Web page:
The just released 2010 Commonwealth Fund International Health Policy Survey which compared public perception of national health care systems from 11 countries: Australia, Canada, France, Germany, Netherlands, New Zealand, Norway, Sweden, Switzerland, United Kingdom and the United States found Canadians had the most difficult time accessing care in the evenings, on weekends and holidays.

Not all the news from the survey concerning Canadian health care delivery is bleak, but the fact remains millions of Canadians remain without a family physician. It is therefore perhaps not surprising that the Commonwealth Fund International Health Policy Survey also shows Canada had the highest number (44%) of citizens who indicated they had visited an emergency department at least once in the past two years. Ours is also the worst performing nation under the heading “had to wait 4 or more weeks after being advised to see a specialist”.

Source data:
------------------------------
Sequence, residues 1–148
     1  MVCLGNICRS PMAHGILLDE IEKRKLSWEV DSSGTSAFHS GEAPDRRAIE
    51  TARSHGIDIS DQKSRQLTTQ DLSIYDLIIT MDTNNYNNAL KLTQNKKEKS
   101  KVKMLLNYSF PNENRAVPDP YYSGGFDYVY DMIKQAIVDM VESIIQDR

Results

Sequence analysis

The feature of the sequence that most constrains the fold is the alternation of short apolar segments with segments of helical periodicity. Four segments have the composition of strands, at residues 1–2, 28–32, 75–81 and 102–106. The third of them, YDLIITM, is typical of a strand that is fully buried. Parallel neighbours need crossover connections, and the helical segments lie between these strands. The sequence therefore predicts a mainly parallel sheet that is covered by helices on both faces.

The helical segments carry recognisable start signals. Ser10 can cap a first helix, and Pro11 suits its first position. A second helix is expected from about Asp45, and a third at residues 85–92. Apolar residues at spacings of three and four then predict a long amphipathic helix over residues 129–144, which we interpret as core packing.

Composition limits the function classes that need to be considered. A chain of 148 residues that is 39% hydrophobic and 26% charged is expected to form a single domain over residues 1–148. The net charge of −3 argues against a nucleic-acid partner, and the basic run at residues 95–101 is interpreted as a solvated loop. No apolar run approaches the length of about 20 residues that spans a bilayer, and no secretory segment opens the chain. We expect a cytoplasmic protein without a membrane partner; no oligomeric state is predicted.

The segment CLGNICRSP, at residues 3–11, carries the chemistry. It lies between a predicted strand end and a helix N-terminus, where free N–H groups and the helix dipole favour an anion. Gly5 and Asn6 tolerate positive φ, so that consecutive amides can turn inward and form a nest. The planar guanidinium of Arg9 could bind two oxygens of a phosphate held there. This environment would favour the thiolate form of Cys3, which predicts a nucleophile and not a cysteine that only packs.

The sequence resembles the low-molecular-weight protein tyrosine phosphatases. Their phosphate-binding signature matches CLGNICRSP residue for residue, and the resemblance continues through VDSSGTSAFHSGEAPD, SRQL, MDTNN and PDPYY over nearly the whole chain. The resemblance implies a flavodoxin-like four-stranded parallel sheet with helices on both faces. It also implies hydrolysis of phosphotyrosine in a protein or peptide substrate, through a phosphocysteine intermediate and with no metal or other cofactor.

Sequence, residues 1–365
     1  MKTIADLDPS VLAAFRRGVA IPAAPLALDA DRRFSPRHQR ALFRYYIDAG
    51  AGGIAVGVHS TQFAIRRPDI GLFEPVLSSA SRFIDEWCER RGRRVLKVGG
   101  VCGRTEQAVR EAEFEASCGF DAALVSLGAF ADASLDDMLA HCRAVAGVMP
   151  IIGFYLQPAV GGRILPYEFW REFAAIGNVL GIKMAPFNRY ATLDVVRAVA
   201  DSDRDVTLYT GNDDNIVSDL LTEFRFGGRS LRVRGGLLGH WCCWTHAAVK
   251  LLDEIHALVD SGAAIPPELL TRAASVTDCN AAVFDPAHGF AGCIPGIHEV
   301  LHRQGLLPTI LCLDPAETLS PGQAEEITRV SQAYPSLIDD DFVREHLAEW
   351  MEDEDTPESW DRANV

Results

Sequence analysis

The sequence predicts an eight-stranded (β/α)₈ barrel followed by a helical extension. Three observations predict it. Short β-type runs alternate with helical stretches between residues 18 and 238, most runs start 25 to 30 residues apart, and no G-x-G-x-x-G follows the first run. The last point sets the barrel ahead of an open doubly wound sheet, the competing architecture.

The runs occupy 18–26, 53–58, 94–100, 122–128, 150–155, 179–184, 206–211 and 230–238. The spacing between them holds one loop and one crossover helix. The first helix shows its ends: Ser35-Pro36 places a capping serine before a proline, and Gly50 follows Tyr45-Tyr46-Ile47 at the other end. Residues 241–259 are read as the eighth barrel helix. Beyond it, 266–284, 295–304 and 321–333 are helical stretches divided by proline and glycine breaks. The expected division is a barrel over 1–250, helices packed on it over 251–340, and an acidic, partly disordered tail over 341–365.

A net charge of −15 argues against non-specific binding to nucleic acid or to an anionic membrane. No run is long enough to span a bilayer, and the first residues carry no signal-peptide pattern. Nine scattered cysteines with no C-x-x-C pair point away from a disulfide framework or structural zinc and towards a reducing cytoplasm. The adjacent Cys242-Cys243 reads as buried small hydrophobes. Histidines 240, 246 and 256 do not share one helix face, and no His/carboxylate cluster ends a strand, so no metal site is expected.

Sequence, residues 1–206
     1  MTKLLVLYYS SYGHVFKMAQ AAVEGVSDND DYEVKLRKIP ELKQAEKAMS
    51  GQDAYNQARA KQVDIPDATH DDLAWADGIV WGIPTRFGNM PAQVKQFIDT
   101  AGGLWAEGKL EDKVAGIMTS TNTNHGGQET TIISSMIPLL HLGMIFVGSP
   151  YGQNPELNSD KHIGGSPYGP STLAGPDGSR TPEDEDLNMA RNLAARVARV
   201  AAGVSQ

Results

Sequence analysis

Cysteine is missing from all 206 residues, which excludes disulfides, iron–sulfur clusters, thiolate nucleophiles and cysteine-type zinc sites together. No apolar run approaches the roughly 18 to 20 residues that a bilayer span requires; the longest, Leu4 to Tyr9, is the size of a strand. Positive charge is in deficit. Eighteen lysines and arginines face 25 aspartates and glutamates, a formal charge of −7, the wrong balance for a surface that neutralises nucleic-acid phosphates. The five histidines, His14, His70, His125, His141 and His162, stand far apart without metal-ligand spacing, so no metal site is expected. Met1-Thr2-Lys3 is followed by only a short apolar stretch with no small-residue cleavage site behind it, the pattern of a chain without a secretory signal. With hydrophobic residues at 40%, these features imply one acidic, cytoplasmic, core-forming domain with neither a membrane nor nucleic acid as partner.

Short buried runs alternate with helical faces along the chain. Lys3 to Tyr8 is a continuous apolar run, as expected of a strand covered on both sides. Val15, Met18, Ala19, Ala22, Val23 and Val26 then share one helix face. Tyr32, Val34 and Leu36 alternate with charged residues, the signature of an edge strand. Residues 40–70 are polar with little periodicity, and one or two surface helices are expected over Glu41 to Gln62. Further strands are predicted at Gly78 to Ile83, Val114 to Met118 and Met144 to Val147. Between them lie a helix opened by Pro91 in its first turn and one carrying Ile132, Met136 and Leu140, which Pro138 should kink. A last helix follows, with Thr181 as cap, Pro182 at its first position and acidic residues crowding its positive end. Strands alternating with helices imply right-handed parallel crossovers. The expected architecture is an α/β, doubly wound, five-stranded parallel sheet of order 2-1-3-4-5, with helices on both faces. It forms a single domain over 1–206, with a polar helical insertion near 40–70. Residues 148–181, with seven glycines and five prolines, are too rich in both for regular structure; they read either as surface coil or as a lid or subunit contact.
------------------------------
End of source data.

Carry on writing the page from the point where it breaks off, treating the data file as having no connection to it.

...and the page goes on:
Some readers will deem it heresy, but It is time for a fundamental shift in health care delivery in Canada. The time has come for a full range of private health care. It might just be possible without denying anyone immediate access to that private health care. Read on.

Private health providers should be welcome to open clinics and hospitals at their own expense, after which patient access to such private facilities would be unrestricted.